The disturbing series is not a comfortable one to watch, but it's an important one for those who want (and need) to take a closer look at the unjust and discriminatory realities of present-day law enforcement practices like New York's "stop-and-frisk" policy, which allows law enforcement to detain, question, and search civilians for weapons or contraband and has been condemned for racial profiling. According to a report by the New York Civil Liberties Union, in 2019, 59 percent of those stopped and interrogated by police were Black, 29 percent were Latinx, and nine percent were white. It's also worth noting that of the 13, 459 stops made in 2019, 66 percent resulted in no weapons or contraband being found.

Other issues addressed in Time is New York's often unfair and unreachable bail system (Browder's family couldn't make bail) and the harrowing mental health effects of prison life and solitary confinement. During his three-year stay, Browder spent a majority in solitary confinement, where he attempted to take his life several times, and endured extreme abuse by officers and inmates. After his 2013 release, the Bronx native continued to struggle with mental health, and ultimately died by suicide in 2015.

This documentary isn't easy to watch, but it reflects the Black experience and is vital for understanding the long-term damage of a broken justice system.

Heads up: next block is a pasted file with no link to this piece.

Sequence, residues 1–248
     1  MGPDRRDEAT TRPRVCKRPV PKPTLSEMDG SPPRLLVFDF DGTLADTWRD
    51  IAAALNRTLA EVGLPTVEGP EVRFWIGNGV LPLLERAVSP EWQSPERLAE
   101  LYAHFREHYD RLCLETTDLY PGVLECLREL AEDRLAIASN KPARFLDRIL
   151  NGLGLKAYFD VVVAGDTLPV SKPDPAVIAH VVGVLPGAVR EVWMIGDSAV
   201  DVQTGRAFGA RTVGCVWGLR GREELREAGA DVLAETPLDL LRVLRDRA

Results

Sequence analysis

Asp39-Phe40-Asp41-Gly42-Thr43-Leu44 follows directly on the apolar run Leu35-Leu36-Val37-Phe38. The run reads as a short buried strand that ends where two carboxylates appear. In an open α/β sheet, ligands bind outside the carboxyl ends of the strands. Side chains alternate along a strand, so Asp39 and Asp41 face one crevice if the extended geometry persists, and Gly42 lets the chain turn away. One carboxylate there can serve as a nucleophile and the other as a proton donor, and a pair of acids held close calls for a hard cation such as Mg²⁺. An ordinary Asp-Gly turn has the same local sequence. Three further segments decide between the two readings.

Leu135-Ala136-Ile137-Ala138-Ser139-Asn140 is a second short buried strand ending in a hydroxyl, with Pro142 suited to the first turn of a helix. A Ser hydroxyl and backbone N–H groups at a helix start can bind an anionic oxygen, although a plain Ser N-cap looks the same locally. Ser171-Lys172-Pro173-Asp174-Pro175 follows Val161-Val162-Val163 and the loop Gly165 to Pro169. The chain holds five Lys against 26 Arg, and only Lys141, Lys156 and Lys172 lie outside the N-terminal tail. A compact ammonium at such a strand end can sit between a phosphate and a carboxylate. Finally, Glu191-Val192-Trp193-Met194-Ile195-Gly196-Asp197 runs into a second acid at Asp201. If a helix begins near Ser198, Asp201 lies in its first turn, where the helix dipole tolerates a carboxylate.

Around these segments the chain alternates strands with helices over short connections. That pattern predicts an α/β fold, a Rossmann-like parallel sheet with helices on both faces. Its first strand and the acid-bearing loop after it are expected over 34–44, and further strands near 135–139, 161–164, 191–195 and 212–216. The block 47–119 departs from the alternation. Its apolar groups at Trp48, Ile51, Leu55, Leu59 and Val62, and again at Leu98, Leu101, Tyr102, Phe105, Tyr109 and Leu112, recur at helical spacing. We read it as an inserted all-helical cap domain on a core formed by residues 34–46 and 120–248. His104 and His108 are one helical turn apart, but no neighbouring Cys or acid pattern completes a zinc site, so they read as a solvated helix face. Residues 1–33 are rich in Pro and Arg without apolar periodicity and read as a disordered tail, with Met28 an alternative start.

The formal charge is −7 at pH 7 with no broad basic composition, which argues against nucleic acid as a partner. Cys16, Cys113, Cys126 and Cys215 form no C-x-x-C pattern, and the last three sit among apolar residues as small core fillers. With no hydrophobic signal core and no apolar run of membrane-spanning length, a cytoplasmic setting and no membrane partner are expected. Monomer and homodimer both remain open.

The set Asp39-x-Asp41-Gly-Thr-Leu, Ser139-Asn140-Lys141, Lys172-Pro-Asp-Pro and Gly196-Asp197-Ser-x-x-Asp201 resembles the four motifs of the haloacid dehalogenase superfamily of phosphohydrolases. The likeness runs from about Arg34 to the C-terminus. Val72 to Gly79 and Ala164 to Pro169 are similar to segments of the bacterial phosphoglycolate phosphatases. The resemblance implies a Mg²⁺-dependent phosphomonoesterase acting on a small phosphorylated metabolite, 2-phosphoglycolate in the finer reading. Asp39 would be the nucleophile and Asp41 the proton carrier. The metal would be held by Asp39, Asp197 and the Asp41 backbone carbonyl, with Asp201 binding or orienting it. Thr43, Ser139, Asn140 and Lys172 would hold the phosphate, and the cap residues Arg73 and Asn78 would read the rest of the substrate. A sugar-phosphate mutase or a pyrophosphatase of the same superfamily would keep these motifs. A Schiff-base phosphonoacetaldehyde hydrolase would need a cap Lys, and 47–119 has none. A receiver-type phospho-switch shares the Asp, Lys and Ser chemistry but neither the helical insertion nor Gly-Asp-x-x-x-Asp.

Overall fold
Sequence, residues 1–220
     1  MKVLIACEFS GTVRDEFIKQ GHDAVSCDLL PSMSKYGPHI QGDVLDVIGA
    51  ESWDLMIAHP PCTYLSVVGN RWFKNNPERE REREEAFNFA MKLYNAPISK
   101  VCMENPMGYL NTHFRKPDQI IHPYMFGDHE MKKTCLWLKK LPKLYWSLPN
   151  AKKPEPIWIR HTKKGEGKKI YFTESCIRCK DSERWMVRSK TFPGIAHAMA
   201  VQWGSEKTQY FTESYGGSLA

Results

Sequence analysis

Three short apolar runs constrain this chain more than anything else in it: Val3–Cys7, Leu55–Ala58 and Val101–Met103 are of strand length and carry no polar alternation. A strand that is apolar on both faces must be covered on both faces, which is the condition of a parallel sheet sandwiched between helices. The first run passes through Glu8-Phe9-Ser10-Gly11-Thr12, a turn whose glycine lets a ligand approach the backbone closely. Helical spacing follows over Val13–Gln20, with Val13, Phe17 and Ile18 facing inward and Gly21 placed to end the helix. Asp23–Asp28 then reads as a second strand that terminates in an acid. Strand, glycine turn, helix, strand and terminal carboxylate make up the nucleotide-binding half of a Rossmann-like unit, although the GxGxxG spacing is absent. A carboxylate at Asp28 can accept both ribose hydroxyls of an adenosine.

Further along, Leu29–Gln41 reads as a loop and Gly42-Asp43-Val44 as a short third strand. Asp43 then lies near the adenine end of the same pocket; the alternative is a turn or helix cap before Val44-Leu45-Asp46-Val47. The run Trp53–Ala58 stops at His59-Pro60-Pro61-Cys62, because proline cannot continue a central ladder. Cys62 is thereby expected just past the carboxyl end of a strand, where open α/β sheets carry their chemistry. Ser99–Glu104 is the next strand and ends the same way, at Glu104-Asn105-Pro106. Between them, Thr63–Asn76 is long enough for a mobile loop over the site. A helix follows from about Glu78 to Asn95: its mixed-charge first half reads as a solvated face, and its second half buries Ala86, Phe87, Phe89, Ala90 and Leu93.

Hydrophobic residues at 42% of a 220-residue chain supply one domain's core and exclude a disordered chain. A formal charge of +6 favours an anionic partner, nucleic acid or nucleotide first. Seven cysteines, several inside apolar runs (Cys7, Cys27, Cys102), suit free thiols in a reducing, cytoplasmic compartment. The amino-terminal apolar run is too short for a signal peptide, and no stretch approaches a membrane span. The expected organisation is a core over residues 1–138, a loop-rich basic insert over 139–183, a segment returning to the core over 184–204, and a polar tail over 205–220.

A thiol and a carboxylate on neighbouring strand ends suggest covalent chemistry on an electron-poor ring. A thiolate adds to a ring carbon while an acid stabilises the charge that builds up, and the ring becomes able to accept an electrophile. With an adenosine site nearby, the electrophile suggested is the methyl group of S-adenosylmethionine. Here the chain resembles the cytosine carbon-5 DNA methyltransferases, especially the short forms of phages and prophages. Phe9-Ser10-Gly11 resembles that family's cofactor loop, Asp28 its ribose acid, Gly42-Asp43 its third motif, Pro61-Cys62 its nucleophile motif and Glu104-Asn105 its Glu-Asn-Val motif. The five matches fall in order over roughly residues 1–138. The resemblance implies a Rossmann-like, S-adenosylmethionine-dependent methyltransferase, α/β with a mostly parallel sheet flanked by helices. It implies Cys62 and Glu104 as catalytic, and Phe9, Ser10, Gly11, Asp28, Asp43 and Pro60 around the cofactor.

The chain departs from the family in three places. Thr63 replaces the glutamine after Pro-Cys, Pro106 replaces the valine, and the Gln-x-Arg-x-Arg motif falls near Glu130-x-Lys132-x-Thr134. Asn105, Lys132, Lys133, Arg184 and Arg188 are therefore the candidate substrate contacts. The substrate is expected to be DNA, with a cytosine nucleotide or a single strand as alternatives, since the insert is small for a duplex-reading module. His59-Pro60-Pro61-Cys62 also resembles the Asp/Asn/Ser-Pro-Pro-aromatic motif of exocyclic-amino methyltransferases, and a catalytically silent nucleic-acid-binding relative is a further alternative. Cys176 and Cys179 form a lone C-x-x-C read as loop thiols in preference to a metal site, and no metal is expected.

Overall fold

Seven Seconds

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Unlike the true crime dramas that keep you guessing until the very end, Netflix's 10-part series Seven Seconds shows its cards from the jump. The series begins and revolves around the tragic hit-and-run of a 15-year-old Black cyclist in a New Jersey park. Instead of immediately reporting the incident, the white police officer driving the car calls his leader on the Jersey City narcotics unit, who arrives at the scene and begins a plot to cover up the crime in an effort to avoid the public relations nightmare for, "Ferguson, Chicago, Baltimore — every white cop who ever killed a Black kid.”

As it unravels, the series tackles a number of issues that smack of real life: law enforcement's abuse of power, blatant indifference to Black lives within the criminal justice system, and the long-term devastation that comes from both. (In one of many infuriating moments, a white cop casually assumes that the slain teen was "probably a banger" because he was in the park when he was hit.) Although heart-wrenching, Seven Seconds offers viewers a realistic examination of race and police brutality and is definitely worth a watch.